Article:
June 24, 2010

Disability Rates Increase, Highest Among 50-59-Year-Olds

A new survey from the Council for Disability Awareness found that while the number of disabled people received benefits has increased every year since 2004, the number of new claimants has actually gone down. Just 141,000 claimants were approved for disability benefits in 2009, down 1 percent from the year before. The study attributes this drop to fewer insured lives as a result of rampant unemployment rather than a healthier population.

A report from AARP shows the unemployment rate for older workers is still increasing, even as it falls overall. Over 7 percent of workers 55 or older were out of work in May, according to the AARP report, or about 2.1 million people. That's 52,000 more than in April.

The percentage of new long-term disability claims among 50-59-year-olds held steady from 2008 to 2009 at 35 percent, but outstripped any other age group. Individuals between 40 and 49 saw a decrease in disability claims.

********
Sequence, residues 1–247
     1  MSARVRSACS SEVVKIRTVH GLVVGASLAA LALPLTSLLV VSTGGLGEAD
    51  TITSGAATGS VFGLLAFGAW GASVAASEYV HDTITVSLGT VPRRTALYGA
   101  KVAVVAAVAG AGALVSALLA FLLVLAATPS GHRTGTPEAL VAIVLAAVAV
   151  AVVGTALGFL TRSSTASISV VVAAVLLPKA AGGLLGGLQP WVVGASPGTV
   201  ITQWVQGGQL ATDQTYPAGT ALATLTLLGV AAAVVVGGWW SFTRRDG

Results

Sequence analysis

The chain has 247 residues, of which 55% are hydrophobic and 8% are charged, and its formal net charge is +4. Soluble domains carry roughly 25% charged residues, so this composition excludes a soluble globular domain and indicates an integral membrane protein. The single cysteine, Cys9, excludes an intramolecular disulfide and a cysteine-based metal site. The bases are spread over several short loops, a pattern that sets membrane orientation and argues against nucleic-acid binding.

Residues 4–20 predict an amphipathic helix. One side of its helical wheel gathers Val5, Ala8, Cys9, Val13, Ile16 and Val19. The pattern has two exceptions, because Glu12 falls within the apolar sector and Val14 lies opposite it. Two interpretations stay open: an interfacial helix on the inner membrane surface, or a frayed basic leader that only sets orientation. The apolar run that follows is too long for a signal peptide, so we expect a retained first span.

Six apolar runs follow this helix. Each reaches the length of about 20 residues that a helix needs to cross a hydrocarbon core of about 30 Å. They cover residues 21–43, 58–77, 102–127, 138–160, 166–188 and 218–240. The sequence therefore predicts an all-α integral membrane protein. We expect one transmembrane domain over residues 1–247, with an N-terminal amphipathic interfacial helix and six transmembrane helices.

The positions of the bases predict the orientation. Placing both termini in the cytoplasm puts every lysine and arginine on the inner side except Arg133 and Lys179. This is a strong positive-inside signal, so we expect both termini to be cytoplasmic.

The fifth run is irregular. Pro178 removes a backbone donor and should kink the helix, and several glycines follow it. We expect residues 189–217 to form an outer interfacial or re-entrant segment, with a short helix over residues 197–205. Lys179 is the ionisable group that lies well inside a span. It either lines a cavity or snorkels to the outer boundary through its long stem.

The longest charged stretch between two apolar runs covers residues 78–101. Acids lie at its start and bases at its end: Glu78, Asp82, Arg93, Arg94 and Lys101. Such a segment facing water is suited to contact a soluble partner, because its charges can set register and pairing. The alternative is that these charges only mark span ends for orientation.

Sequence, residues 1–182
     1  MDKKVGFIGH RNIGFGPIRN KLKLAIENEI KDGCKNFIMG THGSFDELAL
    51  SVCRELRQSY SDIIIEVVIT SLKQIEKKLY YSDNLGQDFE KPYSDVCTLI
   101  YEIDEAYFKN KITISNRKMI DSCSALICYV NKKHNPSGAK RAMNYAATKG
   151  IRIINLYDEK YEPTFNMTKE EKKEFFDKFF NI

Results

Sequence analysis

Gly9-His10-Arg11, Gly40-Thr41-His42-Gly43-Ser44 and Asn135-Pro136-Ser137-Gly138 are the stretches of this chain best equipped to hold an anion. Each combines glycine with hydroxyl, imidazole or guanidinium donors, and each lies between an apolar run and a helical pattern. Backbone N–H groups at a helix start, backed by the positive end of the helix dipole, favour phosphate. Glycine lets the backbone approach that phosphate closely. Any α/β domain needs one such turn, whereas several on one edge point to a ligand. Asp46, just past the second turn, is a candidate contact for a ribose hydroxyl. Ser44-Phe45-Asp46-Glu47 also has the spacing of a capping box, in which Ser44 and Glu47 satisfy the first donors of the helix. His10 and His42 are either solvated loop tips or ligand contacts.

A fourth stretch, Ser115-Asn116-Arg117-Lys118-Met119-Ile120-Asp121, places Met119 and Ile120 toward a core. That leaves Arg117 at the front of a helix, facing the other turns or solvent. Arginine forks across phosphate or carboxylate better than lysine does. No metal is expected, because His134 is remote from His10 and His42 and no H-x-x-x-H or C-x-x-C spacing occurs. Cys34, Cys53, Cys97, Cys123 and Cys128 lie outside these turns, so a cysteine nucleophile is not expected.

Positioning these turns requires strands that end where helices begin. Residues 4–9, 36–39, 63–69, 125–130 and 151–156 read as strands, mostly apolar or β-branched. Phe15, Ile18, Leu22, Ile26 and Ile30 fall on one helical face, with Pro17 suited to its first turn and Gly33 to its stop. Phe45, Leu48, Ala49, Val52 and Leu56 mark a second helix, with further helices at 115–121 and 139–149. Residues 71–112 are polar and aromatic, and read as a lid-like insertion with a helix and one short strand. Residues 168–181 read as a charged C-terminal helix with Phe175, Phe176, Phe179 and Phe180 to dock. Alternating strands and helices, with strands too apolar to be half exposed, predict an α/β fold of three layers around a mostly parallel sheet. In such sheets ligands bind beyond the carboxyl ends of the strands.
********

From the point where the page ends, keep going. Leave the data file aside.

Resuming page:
The leading cause of disability is still musculoskeletal and connective tissue disorders. Over 26 percent of new claims and 28.5 percent of existing claims are for neck and back pain or joint, muscle and tendon disorders. Cancer is the second leading cause of new claims (15.3 percent). Cardiovascular problems are the third leading cause of new claims, and increased slightly after three years of declines.

When asked about their predictions for the next 12 months, half of companies said they don't expect any significant impact. Forty-four percent of respondents said they expect an increase in incidence, although the survey notes that no company indicated a significant spike. The most frequently mentioned concerns are unsurprising: uncertainty in the economy; the regulatory environment; and the residual impact of health care reform.

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